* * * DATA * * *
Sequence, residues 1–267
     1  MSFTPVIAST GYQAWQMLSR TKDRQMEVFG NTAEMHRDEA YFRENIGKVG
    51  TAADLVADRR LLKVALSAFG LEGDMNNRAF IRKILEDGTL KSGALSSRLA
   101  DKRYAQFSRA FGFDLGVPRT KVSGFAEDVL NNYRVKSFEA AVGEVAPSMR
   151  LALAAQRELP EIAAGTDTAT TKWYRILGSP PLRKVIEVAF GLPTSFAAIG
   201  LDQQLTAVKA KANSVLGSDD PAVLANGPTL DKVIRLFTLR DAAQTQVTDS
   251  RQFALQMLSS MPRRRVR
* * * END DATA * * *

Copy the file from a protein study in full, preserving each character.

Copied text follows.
Sequence, residues 1–267
     1  MSFTPVIAST GYQAWQMLSR TKDRQMEVFG NTAEMHRDEA YFRENIGKVG
    51  TAADLVADRR LLKVALSAFG LEGDMNNRAF IRKILEDGTL KSGALSSRLA
   101  DKRYAQFSRA FGFDLGVPRT KVSGFAEDVL NNYRVKSFEA AVGEVAPSMR
   151  LALAAQRELP EIAAGTDTAT TKWYRILGSP PLRKVIEVAF GLPTSFAAIG
   201  LDQQLTAVKA KANSVLGSDD PAVLANGPTL DKVIRLFTLR DAAQTQVTDS
   251  RQFALQMLSS MPRRRVR